The UK’s National Media Museum has digitized a collection of the Spirit Photographs of William Hope, one of the most well-known spiritualists and practitioners of spirit photography in early 20th century England. The classic spirit photograph captured the likeness of a living person or people, and the eerie spirits who accompanied them. These ‘spirits’ were created by multiple exposure techniques. All of Hopes’s photographs uploaded to Flickr Commons are dated 1920.
The image below is a very typical example of a Hope spirit photograph; a sitter and a spirit are posed in front of a dark background. The curator’s notes say that the reverse of the photograph reads “Why is the child always pushing to the front?’ and ‘Do we get messages from the higher spirits?” – possibly questions that the sitter had for her ghost.
The image below is the only example of a mourning photograph in the online Hope collection; it depicts a woman and her son standing by their deceased husband and father, whose ‘ghost’ is also visible.
This unique spirit photograph a couple pose by their car, which is occupied by the ghost of the dead son.
We invite you to explore Flickr Commons and share the good stuff you discover.
Late last year the British Library uploaded onto Flickr over one million high-quality scanned images images from its rich collections. As The Appendix explained, the images are in the public domain, free for people around the world to peruse and reproduce to their hearts content.
You can spend hours and hours looking through this treasure chest of historical illustrations and prints (we have!). The fantastic illustrations from Francis Grundy’s Australian children’s book “The Demon McGuire” published in Sydney in 1885 is one of the most exciting set of images that HiTM has discovered so far.
The Oxford Companion to Australian Literature describes the book as ‘a verse story… about an enormous demon who roams around Sydney causing havoc in his wake”. The Demon is a metaphor for a great wind or a storm. This villain “is finally exiled to the Moon by Father Christmas and Father Time” (The Oxford Companion to Australian Children’s Literature, 196).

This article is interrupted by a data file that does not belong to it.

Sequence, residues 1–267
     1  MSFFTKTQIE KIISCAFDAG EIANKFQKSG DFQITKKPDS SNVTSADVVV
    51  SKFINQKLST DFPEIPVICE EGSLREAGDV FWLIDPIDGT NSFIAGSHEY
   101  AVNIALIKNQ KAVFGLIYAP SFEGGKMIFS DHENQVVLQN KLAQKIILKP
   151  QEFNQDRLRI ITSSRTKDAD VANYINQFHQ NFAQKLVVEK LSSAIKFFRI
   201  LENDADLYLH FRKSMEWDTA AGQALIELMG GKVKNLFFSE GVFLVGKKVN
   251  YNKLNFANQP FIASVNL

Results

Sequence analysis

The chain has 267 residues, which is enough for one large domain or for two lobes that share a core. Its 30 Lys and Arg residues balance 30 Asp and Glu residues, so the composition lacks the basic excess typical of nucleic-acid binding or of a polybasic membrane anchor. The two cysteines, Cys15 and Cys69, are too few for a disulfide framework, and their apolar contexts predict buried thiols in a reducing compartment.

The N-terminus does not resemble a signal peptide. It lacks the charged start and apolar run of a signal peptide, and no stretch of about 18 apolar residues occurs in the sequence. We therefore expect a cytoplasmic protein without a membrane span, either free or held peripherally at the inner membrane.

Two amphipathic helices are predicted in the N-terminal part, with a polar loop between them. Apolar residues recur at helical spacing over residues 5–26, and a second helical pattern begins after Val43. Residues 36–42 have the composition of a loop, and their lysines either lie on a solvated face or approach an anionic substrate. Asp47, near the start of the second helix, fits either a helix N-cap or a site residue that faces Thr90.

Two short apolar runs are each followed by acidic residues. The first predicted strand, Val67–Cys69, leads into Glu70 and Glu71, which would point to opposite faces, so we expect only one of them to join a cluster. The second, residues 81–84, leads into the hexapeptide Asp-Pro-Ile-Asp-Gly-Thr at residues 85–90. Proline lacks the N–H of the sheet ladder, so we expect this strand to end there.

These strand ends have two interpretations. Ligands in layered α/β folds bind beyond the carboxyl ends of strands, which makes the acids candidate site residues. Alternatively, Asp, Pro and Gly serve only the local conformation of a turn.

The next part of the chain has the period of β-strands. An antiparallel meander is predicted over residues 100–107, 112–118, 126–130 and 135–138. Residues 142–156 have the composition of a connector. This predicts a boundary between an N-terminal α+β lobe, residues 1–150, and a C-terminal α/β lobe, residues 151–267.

Why do we like these illustrations so much? Well, first off it is one of the oldest examples of illustrated Australian children’s literature. In addition, the giant, ugly protagonist is very amusing, and you can catch glimpses of real Sydney architecture and landscapes in some scenes. For example, Government House and Sydney Harbour are visible in the title page below;
(compare the illustrated turrets above to this contemporary photograph of government house)
It’s not surprising that a book written in a port-city had strong maritime themes: several of the drawings (like the one above) depict the demon destroying ships in port.
Other illustrations show the demon threatening children, or at least terrifying them by his proximity (including a group hanging out on the roofs of their homes), which is befitting of a book that targeted a young audience.
Unfortunately the British Library Flickr project only scans images, so you cannot read the full story online. The good news is that there are four copies in Australia between the National Library, and the State Libraries of NSW, Victoria and South Australia.
History in the Making hasn’t quite finished with selfies. As the people who bring us the Oxford English Dictionary have just named ‘selfie’ the word of the year, we’ve decided to dedicate yet another blog post to this phenomenon.
The OED defines a selfie as “a photograph that one has taken of oneself, typically one taken with a smartphone or webcam and uploaded to a social media website”. The Guardian was reported that the word has Australian roots: it can be traced back to a post on an Australian online forum in 2002: “Um, drunk at a mates 21st, I tripped ofer [sic] and landed lip first (with front teeth coming a very close second) on a set of steps. I had a hole about 1cm long right through my bottom lip. And sorry about the focus, it was a selfie.”
So what about selfie’s in history? A recent post on the Oxford University Press (OUP) blog has persuaded us that Anastasia’s 1913 self-portrait was not, in-fact, the world’s first selfie. The OUP blog explains that many early photographic portraits shot by daguerreotypists were self-portraits (Like this mid 19th century photo below of an anonymous daguerreotypist).
Ever wondered what would WW2 look like if the smart phone was invented in 1940? In selfie-related alternative history, the Huntington Post this week published a titillating gallery of famous photographs reimagined as selfies (created for an advertising campaign for a South African newspaper. The doctored photo of Churchill below gives you a taste of what we’re talking about;